In many countries in the Americas, people's rights to organize, protest or speak out are severely compromised, according to a new report from the CIVICUS, Charity & Security Network, the Caribbean Policy Development Centre, the Latin American and Caribbean Network for Democracy (REDLAD), and the Rendir Cuentas initiative, Civic Space in the Americas.
The report, which draws on research submitted to the CIVICUS Monitor, notes that civic space is seriously restricted in more than one-third of countries in the Americas. Obstacles to freedoms of expression, peaceful assembly and association include threats to personal safety, denial of the right to protest, and surveillance and censorship. Between June 2016 and May 2017, the most serious abuses and violations included disruptions of protests through excessive force, violence against journalists (including killings) and censorship of the media, detention and criminalization of activists, and the introduction of legislative restrictions on civic space freedoms (including 19 such bills in the U.S.). Indigenous peoples, Afro-descendants, women, LGBTI people, migrants and other minority groups were particularly affected.
Two groups of panelists examined the global refugee crisis at a World Refugee Day event at New America June 19.
The first panel looked at how refugees resettle in US cities and become integral members of their communities, as well as innovations that are helping to integrate these newcomers. The second panel examined the role of the Syrian diaspora community in assisting those affected by the crisis in their home country. A number of organizations have distributed hundreds of millions of dollars in aid for Syria and its neighbors. For more information and a recording of the event, click here.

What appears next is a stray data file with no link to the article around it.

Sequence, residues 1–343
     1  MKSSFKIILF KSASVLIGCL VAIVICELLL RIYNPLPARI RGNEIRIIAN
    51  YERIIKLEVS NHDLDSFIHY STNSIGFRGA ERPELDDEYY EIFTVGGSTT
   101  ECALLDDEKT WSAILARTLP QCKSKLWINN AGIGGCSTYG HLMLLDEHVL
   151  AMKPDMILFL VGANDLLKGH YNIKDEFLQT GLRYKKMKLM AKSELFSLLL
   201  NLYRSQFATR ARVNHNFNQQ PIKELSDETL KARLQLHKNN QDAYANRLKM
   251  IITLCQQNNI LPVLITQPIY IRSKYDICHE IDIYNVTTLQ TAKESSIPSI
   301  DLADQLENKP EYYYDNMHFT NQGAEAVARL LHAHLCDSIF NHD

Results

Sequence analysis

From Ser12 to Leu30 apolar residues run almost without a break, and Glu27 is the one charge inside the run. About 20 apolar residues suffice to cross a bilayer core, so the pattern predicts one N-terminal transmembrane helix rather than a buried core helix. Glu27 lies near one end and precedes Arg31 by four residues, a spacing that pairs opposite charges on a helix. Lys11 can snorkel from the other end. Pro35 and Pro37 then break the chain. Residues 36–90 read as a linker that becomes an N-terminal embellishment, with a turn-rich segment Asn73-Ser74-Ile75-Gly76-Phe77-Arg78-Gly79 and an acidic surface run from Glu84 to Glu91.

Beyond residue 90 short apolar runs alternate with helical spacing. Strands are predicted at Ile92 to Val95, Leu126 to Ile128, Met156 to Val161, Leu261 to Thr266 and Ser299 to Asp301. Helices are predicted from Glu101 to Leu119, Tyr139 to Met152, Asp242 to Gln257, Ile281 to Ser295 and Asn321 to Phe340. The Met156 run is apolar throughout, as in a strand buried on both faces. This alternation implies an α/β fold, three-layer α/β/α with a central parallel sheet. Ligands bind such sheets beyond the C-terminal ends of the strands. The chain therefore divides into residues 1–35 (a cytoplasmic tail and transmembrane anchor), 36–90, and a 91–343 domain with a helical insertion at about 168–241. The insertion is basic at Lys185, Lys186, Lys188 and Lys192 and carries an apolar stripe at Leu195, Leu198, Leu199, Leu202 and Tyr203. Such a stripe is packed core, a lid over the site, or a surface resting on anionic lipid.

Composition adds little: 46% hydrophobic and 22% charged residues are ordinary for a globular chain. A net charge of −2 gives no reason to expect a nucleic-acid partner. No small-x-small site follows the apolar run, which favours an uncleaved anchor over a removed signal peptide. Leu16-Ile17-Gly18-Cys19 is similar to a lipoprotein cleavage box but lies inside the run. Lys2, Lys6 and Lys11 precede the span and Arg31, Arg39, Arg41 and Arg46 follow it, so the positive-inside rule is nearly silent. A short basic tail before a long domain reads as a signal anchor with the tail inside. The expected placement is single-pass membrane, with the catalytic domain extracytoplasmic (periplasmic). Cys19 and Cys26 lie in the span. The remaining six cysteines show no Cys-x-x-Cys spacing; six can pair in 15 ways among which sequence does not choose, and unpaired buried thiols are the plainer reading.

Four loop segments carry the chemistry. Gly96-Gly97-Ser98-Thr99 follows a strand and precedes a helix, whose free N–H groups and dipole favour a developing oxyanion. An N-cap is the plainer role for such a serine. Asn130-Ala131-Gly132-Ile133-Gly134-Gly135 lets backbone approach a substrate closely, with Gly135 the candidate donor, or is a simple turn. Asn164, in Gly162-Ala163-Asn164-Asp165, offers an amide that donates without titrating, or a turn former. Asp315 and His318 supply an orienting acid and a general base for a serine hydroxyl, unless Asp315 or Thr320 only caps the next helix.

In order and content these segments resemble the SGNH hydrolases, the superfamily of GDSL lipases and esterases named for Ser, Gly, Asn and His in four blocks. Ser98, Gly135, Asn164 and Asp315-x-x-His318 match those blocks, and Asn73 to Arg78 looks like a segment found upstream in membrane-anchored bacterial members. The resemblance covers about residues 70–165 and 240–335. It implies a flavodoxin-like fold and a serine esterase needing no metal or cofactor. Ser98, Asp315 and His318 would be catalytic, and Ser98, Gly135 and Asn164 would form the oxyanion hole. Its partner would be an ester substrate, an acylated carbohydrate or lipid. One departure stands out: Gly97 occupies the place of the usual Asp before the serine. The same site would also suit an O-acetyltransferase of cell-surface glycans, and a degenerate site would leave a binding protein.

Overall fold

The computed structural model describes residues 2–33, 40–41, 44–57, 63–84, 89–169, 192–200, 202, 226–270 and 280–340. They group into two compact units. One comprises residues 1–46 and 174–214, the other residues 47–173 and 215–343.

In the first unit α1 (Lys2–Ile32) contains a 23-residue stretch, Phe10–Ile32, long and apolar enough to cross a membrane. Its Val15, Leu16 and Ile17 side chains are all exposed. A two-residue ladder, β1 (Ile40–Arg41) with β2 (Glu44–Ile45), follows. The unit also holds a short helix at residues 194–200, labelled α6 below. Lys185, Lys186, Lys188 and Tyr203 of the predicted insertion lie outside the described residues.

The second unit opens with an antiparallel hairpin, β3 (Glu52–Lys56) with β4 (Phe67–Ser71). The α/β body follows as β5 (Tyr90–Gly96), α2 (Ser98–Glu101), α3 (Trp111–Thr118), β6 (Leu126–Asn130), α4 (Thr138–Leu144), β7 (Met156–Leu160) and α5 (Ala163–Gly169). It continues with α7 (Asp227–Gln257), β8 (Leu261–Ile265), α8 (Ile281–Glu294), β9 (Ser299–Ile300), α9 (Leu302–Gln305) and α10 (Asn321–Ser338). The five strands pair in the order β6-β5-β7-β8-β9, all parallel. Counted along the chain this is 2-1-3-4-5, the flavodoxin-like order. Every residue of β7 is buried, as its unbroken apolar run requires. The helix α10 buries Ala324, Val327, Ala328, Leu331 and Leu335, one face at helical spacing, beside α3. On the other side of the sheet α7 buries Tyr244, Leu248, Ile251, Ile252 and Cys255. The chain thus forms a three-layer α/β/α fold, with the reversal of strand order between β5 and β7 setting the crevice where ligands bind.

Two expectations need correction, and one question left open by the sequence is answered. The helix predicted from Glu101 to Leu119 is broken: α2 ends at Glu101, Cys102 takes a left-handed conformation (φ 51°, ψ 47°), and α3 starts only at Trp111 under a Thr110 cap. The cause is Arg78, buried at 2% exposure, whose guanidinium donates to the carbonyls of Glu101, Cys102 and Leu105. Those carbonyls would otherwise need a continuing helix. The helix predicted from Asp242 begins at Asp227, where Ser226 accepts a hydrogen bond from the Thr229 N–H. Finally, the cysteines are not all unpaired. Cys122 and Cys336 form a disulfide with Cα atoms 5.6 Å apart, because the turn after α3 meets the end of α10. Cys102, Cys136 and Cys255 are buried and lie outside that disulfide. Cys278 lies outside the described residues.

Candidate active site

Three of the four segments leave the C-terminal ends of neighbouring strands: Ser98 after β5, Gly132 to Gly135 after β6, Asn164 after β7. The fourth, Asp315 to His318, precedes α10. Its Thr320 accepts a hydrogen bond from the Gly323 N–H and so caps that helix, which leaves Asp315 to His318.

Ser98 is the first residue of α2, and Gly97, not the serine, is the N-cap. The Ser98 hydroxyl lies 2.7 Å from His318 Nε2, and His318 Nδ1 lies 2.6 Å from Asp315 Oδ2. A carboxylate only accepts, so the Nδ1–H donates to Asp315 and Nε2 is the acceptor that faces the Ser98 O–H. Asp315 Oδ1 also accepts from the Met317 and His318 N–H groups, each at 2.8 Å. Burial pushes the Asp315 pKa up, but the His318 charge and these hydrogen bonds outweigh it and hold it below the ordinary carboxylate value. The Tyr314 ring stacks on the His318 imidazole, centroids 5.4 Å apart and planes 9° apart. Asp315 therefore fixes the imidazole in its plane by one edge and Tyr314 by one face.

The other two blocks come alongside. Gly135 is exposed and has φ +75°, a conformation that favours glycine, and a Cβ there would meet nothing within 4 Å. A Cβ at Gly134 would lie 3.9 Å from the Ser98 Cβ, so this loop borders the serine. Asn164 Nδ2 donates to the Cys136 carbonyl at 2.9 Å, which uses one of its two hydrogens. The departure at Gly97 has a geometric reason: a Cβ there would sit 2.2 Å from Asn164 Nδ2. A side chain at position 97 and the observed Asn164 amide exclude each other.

Nonprofits can be negatively impacted by government investigations, whether they are the target or not. Law enforcement may show up at the office demanding to interview staff and take documents or computer records. Donors, volunteers, board members and staff may be subpoenaed to testify before a grand jury or questioned at their homes.
In the current political climate, nonprofits need to know their rights, how to be prepared in case of a visit from law enforcement, and how to respond if it does. This webinar will explain your rights and suggest strategies to defend your organization.
Friday, June 16
Speaker: Timothy O'Toole, Miller & Chevalier
Timothy P. O'Toole counsels and defends clients in white collar criminal matters, conducts internal corporate investigations, and represents potential witnesses and targets in government investigations. Although Mr. O'Toole has substantial experience in all areas of white collar practice, his main focus is on economic sanctions and export controls.